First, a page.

Three more Black women have filed federal lawsuits against L’Oréal and other hair care companies alleging that their chemical hair straightening products caused them to develop uterine cancer and other severe health complications.
One of the plaintiffs, 55-year-old Rhonda Terrell, said she began using chemical hair straighteners at 8-year-old all the way up until her early-40s. After years of exposure, Terrell was diagnosed with an aggressive form of uterine cancer that has now spread to her liver and abdomen. She had to receive and hysterectomy and has been undergoing chemotherapy treatment.
“If I had known all those years ago, if they had a warning on the box to say this could cause cancer, I wouldn’t have used it,” Terrell told NBC News. “And I want to hold them accountable because I have granddaughters.”
Bernadette Gordon is another plaintiff named in the massive suit. Gordon used chemical relaxers from 1983 to 2015. She believes her breast and uterine cancer developed after prolonged use of L’Oreal’s hair care products. Gordon was diagnosed with breast cancer in 2017 at the age of 44. Her cancer became so aggressive that she had to receive a double mastectomy in March 2018. Three years later, doctors delivered more unsettling news about her health.
In 2021, she was diagnosed with uterine cancer and had to undergo a hysterectomy along with six months of intense chemotherapy and radiation.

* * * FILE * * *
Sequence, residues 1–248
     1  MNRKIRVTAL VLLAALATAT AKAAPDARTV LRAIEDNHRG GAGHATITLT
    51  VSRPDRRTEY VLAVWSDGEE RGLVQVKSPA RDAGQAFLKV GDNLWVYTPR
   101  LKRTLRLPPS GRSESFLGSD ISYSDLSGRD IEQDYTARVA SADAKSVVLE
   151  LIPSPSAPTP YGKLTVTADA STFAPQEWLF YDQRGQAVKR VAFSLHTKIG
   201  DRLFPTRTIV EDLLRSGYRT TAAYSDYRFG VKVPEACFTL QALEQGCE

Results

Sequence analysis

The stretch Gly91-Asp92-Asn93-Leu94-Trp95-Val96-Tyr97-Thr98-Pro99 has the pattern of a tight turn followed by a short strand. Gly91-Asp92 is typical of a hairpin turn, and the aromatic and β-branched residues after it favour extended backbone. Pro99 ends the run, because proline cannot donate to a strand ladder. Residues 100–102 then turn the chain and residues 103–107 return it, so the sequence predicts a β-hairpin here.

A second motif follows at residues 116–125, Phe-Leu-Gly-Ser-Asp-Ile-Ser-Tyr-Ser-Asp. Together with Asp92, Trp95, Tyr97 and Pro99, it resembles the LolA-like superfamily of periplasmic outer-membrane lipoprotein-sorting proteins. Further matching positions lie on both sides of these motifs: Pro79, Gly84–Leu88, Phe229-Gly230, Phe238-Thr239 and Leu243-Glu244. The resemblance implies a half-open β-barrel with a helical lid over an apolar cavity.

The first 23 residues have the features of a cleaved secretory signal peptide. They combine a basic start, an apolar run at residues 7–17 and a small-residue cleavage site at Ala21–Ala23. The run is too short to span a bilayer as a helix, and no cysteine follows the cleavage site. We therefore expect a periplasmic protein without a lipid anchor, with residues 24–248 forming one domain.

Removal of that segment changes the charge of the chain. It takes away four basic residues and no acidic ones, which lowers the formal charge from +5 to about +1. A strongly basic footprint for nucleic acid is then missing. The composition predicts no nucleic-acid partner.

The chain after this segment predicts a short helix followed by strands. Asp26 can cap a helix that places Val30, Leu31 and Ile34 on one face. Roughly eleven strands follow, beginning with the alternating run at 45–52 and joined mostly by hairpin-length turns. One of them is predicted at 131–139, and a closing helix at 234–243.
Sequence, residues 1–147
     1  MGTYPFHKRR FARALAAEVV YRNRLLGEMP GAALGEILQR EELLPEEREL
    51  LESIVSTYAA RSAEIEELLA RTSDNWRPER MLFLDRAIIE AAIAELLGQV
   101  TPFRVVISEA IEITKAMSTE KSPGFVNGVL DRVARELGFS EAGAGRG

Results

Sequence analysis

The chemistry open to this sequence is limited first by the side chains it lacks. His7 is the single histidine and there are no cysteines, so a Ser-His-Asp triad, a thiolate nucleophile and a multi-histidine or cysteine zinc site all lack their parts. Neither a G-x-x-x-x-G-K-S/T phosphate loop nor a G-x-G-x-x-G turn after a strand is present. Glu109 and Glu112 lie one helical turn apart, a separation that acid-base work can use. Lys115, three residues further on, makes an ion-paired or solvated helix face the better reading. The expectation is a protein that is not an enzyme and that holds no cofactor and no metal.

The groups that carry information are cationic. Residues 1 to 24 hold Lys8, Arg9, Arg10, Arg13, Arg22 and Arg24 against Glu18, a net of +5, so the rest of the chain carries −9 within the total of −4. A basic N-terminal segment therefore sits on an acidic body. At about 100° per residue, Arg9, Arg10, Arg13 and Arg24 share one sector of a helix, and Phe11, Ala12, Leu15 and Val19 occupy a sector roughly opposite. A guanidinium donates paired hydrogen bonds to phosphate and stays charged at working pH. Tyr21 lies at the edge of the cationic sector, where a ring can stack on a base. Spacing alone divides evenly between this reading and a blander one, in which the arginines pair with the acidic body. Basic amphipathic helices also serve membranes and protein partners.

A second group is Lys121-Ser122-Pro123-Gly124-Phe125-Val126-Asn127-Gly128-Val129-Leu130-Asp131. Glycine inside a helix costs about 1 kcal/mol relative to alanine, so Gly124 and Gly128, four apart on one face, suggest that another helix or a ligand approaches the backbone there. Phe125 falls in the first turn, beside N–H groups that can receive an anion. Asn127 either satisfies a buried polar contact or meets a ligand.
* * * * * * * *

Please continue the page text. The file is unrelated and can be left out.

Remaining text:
“It’s been devastating for me,” she said of the emotional experience.
Two more Plaintiffs said they developed uterine cancer from haircare straighteners
Thirty-nine-year-old Rugieyatu Bhonopha and Jenny Mitchell, a woman from Missouri whose lawsuit made headlines in October, are also seeking legal justice against the companies named in the suit. Both women said they also underwent hysterectomies after being diagnosed with uterine cancer.
The legal dispute comes just a month after an eye-opening study by the National Institutes of Health found that women who use chemical hair straightening products are at higher risk for uterine cancer than those who don’t.
“We estimated that 1.64% of women who never used hair straighteners would go on to develop uterine cancer by the age of 70; but for frequent users, that risk goes up to 4.05%,” said Alexandra White, Ph.D., head of the NIEHS Environment and Cancer Epidemiology group and lead author on the new study.
As MADAMENOIRE previously reported, nearly 60 percent of the participants who reported using straighteners in the study were self-identified Black women.
While rates of uterine cancer cases remain relatively low this year, the disease appears to be increasing among Black women. In the study, White argued that the uptick could be contributed to Black women’s frequent use of hair straighteners and other chemical products.
Many popular hair care products and straighteners contain chemicals that can act as endocrine disruptors or carcinogens, which have been closely linked to cancer. Dangerous chemicals like phthalates, parabens, and cyclosiloxanes can disrupt hormone functions, leading to cancer and other adverse health complications like reproductive and fertility issues.
In a statement, L’Oréal said it is “confident in the safety of our products and believes the recent lawsuits filed against us have no legal merit.”
“L’Oréal upholds the highest standards of safety for all its products,” the company added.
“Our products are subject to a rigorous scientific evaluation of their safety by experts who also ensure that we follow strictly all regulations in every market in which we operate.”